Director Lori Norvell commented on the presentation, saying, “Deep down, my math teacher core is loving this.”

As discussed in previous board meetings, the district is adding a halftime licensed library media specialist next year to each school building, at a cost of approximately $4.1 million. The district is also spending its one-time COVID pandemic funds designated for “learning loss” on intervention triads at each school. These intervention positions will cost approximately $29 million. Although these positions have been added this year, the Board would have to pass a resolution to make those additions a permanent part of the district's baseline staffing model for each school.

Student Representative Halimah Abdullah asked if the administration has any concerns about the budget for next year. Cox said, “The one worry I have, when we did the intervention triads, I’m worried about staffing them.” Because the funding has been allocated to schools, Cox said the district will be transparent next year if the positions remain unfilled, and the district “needs to pivot” to a different use of those funds. She called the choice to add the intervention triads “an assertive, almost aggressive move” by the district.

As it is currently written, neither the budgets for schools nor district administrative departments currently rely on any increases in State funding. Under current bills in the House and Senate, Minneapolis Public Schools is likely to receive around $30 million in new funding in fiscal year 2024. The exact amount remains uncertain. It is also not clear what the cost of other policy changes by the State will be for the district. Current bills in the House in the Senate could increase district costs for paid due process time for staff who complete paperwork for students who receive special education services, unemployment insurance premium increases to cover summer unemployment for non-salaried district employees, premiums for a new paid family and medical leave program, and the costs of covering jobs for district employees who utilize paid leave.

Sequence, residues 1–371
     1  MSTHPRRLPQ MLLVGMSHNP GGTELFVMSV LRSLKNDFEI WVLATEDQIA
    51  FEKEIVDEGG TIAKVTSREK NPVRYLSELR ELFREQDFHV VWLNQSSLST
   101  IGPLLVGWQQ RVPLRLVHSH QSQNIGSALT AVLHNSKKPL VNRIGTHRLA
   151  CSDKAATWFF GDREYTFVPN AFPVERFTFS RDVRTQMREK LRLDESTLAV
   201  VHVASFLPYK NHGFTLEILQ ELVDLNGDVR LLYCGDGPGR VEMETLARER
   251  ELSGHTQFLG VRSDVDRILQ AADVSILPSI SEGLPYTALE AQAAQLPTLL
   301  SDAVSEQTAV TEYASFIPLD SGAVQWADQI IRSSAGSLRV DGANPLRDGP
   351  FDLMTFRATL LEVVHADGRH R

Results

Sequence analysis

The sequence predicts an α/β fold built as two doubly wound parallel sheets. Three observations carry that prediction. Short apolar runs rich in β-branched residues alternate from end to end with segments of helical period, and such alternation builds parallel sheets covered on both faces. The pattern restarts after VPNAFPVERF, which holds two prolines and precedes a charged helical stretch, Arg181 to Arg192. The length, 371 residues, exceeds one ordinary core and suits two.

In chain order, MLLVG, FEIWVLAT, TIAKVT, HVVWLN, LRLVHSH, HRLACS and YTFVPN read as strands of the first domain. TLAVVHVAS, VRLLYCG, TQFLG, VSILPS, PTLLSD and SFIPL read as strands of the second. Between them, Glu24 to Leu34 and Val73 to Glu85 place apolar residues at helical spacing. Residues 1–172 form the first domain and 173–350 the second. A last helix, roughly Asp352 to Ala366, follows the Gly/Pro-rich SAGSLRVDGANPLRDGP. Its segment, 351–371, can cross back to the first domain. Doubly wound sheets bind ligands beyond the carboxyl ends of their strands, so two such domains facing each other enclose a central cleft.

“We know there are things we would like to do that we weren’t able to do,” Cox said of the budget. She said the administration is currently compiling a list of additional projects to fund, based on the priority-based budgeting process, so the district will be prepared to make adjustments when it knows what additional State funding may bring to the district. Director Abdul Abdi asked for this list to be shared with the board when it is completed.

Norvell and Director Collin Beachy asked about the potential to extend a Memorandum of Agreement between the district and the Minneapolis Federation of Teacher ESP chapter that expires at the end of this year. That provision added five hours per week of paid time this year for any ESP who elected to have it.

“Where did that money come from in the previous budget?” Norvell asked. She also asked where funding to extend that provision could come from this year, and if it is possible to add that without reopening the budget tie-out process.

Cox responded that Senior Human Resources Officer Candra Bennett is gathering data on how many ESPs will not have access to those five hours next year, based on the current budgets schools have submitted. She did not anticipate having to reopen budget tie-out if that change is made. She also noted that the Associate Educator positions that are part of the intervention triads will all be funded at forty hours per week. Roethke said that in the current school year, the additional hours were being paid for with general fund revenue.

Beachy asked when the district will know how much money it will receive from the State, and when can the board “make proposals to spend that new money.”

Diop explained that the district utilizes accrual accounting, but it must have a credible commitment in order to recognize new revenue. He said the district will eventually receive communication from the State about how much funding the district will receive for next year, and the board can take actions after that. By law, the Legislature must complete its work by May 22 unless the Governor calls for a special session.